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Examples of Retaliation in the Workplace:

Being Fired, Demoted, or Written-Up

This can happen long after the initial protected activity occurred. Additionally, if your employer makes your workplace conditions so toxic that you are forced to quit, they can still be liable for retaliation for you leaving your job.

Reduction in Salary and/or Benefits

This can include reductions in your hourly wage, salary, commissions, paid time off, sick leave, and ability to earn overtime.

Negative Change in Work Schedule

This can include having no consistency in your schedule, requiring mandatory weekend or evening hours, or changing the length of your shifts.

Transfer or Reassignment

If you are moved to a less desirable location or given a more difficult job without the resources to perform it, you may have been retaliated against.

Denial of Promotion or Raise 

This can negatively impact your career and be a form of retaliation for speaking out.

Formal Discipline 

This can include warnings, suspensions, or involuntary leave.

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Our Workplace Retaliation Lawyers Can Help

If you have been retaliated against after exposing your employer’s discrimination, you need help proving your case. We will work to determine whether you were engaged in a protected activity, whether your employer took an adverse employment action against you, and whether they did so because you engaged in a protected activity. Employment law can be complicated, so if you are the victim of workplace retaliation, you need to consult with a lawyer immediately to determine whether you have a case, and to make sure that you meet all the filing deadlines. Your workplace retaliation lawyer will fight to get you the appropriate remedy, whether that’s reinstatement at your job or monetary damages. Contact us today to schedule a consultation.

Frequently (un)asked questions

In order to prove that a company took retaliatory action against you, you will need to prove the following:

  • You engaged in a protected activity (such as reporting illegal activities or speaking with Human Resources about harassment)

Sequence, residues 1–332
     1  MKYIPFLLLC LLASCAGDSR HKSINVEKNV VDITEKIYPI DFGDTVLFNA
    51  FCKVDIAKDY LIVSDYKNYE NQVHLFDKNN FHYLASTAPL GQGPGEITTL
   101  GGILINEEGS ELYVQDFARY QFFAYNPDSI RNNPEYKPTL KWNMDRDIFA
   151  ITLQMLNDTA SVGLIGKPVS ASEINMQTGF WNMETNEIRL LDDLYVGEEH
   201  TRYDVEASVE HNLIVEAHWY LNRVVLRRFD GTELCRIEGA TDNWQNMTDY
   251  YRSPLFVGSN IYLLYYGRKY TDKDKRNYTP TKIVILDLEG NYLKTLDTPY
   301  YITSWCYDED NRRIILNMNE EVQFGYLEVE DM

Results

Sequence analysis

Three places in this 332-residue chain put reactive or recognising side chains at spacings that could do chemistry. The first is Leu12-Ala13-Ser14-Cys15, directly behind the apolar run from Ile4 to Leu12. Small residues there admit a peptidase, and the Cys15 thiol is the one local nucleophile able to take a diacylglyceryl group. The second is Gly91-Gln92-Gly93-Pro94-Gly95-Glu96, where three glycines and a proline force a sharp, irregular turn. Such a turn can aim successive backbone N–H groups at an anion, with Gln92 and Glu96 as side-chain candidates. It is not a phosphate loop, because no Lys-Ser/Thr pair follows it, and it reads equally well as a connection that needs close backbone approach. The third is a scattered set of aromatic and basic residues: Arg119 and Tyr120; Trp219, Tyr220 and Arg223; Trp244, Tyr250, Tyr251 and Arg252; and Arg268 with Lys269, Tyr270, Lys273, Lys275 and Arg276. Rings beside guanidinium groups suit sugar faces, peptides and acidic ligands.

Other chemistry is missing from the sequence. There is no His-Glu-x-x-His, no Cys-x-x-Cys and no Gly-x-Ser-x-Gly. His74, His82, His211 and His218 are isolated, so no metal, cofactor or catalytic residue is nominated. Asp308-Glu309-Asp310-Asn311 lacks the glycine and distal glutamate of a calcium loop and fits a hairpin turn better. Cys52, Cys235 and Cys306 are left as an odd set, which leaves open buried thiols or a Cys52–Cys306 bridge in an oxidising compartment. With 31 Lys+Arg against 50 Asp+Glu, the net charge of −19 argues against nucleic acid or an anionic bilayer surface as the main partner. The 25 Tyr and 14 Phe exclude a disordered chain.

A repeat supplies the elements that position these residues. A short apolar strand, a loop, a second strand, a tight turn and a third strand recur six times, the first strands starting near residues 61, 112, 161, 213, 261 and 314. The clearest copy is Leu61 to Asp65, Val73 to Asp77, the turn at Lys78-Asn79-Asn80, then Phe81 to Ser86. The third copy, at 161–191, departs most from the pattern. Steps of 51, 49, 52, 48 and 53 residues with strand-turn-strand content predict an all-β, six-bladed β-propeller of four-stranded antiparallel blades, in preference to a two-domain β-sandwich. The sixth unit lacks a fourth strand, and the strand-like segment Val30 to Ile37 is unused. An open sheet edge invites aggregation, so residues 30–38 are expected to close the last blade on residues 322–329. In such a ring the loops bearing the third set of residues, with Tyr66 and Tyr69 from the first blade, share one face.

• In response, your employer took adverse action against you (firing you, demoting you, withholding a promotion, etc.)
  • You suffered damage as a result (lost wages, humiliation, etc.)

If you believe your company took retaliatory action against you, you may have the opportunity to pursue a workplace retaliation lawsuit, but there are actions you need to take first, which may include filing a charge of retaliation with the EEOC. A workplace retaliation lawyer will be able to help make sure you follow the necessary steps after facing retaliatory action from an employer.

Any negative action an employer takes against an employee in response to the employee reporting or otherwise standing up for themselves or others at their workplace could potentially be considered as workplace retaliation. The following actions could be considered workplace retaliation if they are taken in response to an employee taking a protected action:

  • Firing the employee
  • Demoting the employee
  • Reducing the employee’s hours or giving them less desirable shifts
  • Preventing the employee from promotion
Top-Rated Employee Rights Lawyer

Top-Rated Employee Rights Lawyer

After experiencing any type of harassment or discrimination in the workplace, it’s difficult to know where to turn, to know who you can trust. At the Malk Law Firm, we have successfully represented employees against large and small companies (all over California and Washington) in various labor and employment-related lawsuits.

Trust our team to fight for your rights in the workplace. Our workplace retaliation lawyer is available for a consultation to discuss your options. Please reach out today to tell us about your case.